2 Kings 4:27. She caught him by the feet — After the manner of a most humble and earnest supplicant; intimating, what she did not dare to express in words, that she desired him to go along with her. Gehazi came near to thrust her away — Either thinking she was rude, and made too free with the prophet; or knowing his master did not expect such abasement, especially from her who had been so kind and friendly to them, and that he would not be pleased to see her lie at his feet, Gehazi would have raised her up. The man of God said, Let her alone — Disturb her not, for this gesture is a sign of some extraordinary grief. And the Lord hath hid it from me — God hath not shown me the cause of it. By this he signifies, that what he knew or did, was not by any virtue inherent in himself, but from God, who revealed to him only what he pleased, and when he pleased.4:18-37 Here is the sudden death of the child. All the mother's tenderness cannot keep alive a child of promise, a child of prayer, one given in love. But how admirably does the prudent, pious mother, guard her lips under this sudden affliction! Not one peevish word escapes from her. Such confidence had she of God's goodness, that she was ready to believe that he would restore what he had now taken away. O woman, great is thy faith! He that wrought it, would not disappoint it. The sorrowful mother begged leave of her husband to go to the prophet at once. She had not thought it enough to have Elisha's help sometimes in her own family, but, though a woman of rank, attended on public worship. It well becomes the men of God, to inquire about the welfare of their friends and their families. The answer was, It is well. All well, and yet the child dead in the house! Yes! All is well that God does; all is well with them that are gone, if they are gone to heaven; and all well with us that stay behind, if, by the affliction, we are furthered in our way thither. When any creature-comfort is taken from us, it is well if we can say, through grace, that we did not set our hearts too much upon it; for if we did, we have reason to fear it was given in anger, and taken away in wrath. Elisha cried unto God in faith; and the beloved son was restored alive to his mother. Those who would convey spiritual life to dead souls, must feel deeply for their case, and labour fervently in prayer for them. Though the minister cannot give Divine life to his fellow-sinners, he must use every means, with as much earnestness as if he could do so.She caught him by the feet - To lay hold of the knees or feet has always been thought in the East to add force to supplication, and is practiced even at the present day. Compare Matthew 18:29; John 11:32. 26-28. And she answered, It is well—Her answer was purposely brief and vague to Gehazi, for she reserved a full disclosure of her loss for the ear of the prophet himself. She had met Gehazi at the foot of the hill, and she stopped not in her ascent till she had disburdened her heavy-laden spirit at Elisha's feet. The violent paroxysm of grief into which she fell on approaching him, appeared to Gehazi an act of disrespect to his master; he was preparing to remove her when the prophet's observant eye perceived that she was overwhelmed with some unknown cause of distress. How great is a mother's love! how wondrous are the works of Providence! The Shunammite had not sought a son from the prophet—her child was, in every respect, the free gift of God. Was she then allowed to rejoice in the possession for a little, only to be pierced with sorrow by seeing the corpse of the cherished boy? Perish, doubt and unbelief! This event happened that "the works of God should be made manifest" in His prophet, "and for the glory of God." She caught him by the feet; she fell at his feet, and touched them, as a most humble and earnest suppliant. Compare 1 Samuel 25:24 Matthew 28:9. Withal, she intimated, what she durst not presume to express in words, that she desired him to go along with her. Gehazi came near to thrust her away; judging this posture indecent for her, and offensive to his master.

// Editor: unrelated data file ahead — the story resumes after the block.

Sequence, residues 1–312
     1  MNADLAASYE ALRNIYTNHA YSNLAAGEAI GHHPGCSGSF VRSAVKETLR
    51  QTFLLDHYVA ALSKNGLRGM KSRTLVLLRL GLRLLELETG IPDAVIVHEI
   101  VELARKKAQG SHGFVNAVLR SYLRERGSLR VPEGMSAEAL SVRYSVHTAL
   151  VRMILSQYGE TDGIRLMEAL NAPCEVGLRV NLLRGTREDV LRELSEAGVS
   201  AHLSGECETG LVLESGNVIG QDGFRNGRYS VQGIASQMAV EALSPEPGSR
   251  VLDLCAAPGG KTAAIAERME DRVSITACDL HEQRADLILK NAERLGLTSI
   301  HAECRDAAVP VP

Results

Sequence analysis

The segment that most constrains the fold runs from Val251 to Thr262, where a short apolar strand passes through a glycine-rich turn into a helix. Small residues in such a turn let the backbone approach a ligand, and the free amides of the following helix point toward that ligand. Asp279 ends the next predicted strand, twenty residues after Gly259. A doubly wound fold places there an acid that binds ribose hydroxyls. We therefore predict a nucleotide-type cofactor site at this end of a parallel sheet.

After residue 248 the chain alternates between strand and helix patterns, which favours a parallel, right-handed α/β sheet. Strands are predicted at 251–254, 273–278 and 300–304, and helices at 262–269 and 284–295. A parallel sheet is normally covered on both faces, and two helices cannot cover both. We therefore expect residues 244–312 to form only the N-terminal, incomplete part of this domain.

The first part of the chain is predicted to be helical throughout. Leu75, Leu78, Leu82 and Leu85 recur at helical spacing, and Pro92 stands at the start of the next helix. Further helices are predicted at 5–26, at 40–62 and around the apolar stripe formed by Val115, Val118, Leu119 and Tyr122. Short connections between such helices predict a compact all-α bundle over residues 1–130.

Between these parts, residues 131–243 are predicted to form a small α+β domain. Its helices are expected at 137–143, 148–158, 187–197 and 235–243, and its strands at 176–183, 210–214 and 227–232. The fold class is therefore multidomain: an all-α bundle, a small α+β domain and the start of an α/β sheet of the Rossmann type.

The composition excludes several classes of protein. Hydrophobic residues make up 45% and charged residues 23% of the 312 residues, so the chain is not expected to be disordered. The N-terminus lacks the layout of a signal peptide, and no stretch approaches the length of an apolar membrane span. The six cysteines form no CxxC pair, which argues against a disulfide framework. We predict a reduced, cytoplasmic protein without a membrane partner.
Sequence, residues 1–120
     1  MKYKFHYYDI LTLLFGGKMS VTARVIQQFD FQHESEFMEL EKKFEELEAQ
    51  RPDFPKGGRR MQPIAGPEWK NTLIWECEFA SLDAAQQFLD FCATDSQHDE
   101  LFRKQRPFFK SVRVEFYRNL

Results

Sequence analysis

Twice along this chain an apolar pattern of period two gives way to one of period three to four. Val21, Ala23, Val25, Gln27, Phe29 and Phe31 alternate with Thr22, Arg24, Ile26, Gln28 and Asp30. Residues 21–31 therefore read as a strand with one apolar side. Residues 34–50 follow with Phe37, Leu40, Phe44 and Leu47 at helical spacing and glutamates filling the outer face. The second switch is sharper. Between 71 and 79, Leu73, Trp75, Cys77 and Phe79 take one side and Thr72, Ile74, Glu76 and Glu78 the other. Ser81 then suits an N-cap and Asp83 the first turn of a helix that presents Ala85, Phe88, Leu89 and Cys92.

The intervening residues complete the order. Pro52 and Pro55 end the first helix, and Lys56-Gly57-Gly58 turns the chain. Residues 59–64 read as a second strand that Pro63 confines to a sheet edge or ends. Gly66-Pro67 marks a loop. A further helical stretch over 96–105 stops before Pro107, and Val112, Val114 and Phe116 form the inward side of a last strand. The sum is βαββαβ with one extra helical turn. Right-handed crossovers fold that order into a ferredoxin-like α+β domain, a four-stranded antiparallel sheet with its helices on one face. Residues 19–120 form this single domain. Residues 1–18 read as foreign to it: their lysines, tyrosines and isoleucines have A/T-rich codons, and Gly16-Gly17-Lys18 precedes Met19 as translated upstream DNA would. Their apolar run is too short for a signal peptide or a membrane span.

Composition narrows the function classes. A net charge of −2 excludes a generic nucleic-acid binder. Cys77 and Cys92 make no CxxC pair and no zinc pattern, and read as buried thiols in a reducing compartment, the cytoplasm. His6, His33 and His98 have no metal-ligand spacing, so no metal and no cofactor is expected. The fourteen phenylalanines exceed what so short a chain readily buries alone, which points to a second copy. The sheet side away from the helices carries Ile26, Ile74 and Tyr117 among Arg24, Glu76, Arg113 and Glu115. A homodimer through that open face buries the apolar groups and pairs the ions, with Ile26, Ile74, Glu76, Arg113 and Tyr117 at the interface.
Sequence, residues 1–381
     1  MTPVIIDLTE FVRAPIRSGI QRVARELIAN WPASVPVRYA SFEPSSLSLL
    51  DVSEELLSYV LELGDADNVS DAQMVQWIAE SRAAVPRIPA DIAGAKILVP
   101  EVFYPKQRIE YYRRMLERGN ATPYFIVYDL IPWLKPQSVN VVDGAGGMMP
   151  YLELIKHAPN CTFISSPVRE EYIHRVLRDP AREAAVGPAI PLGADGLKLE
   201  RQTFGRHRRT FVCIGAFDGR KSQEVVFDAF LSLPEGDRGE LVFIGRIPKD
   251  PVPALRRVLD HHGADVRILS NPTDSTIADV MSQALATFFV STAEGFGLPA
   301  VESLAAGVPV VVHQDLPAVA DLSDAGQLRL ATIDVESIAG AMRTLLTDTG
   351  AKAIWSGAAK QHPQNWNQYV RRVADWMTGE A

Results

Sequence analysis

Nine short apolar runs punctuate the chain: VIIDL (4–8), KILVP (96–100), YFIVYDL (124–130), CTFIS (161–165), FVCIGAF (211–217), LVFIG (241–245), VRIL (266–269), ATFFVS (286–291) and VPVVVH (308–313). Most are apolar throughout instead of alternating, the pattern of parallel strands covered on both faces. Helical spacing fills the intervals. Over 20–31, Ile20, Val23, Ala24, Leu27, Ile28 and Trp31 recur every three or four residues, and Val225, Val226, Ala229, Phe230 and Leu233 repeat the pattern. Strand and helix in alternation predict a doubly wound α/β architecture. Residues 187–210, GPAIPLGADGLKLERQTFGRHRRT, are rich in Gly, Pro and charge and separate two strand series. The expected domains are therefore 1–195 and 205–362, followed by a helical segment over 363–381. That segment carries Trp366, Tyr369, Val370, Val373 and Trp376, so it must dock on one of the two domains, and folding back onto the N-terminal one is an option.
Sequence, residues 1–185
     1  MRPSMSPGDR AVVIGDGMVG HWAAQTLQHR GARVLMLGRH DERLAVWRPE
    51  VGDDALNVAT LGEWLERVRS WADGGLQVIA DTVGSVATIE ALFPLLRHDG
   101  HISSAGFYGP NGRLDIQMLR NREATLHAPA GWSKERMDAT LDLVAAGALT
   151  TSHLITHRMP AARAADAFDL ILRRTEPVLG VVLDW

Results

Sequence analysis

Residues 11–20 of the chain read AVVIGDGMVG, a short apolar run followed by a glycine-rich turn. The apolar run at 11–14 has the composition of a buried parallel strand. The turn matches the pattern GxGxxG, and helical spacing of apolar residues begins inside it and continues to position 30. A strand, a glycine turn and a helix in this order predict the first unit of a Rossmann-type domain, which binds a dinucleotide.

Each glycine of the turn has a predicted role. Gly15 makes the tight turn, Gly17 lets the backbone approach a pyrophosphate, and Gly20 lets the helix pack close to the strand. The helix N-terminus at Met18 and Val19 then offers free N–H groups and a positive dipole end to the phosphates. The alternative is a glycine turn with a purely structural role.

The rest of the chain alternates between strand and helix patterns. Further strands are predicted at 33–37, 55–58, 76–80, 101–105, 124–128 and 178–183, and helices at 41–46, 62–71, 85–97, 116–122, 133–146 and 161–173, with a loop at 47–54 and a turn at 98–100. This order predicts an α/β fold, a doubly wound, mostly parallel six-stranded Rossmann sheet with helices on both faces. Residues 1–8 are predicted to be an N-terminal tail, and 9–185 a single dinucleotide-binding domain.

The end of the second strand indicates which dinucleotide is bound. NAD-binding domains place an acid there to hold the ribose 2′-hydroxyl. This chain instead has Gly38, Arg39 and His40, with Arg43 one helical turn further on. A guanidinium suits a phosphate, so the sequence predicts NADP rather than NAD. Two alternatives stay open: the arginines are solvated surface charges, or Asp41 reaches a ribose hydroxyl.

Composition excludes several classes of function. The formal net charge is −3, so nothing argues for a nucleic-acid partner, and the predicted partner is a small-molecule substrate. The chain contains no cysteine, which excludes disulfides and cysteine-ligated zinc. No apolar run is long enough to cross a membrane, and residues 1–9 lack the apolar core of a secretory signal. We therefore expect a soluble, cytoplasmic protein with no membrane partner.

Let her alone, for her soul is vexed within her; disturb her not, for this uncouth gesture is a sign of some extraordinary grief.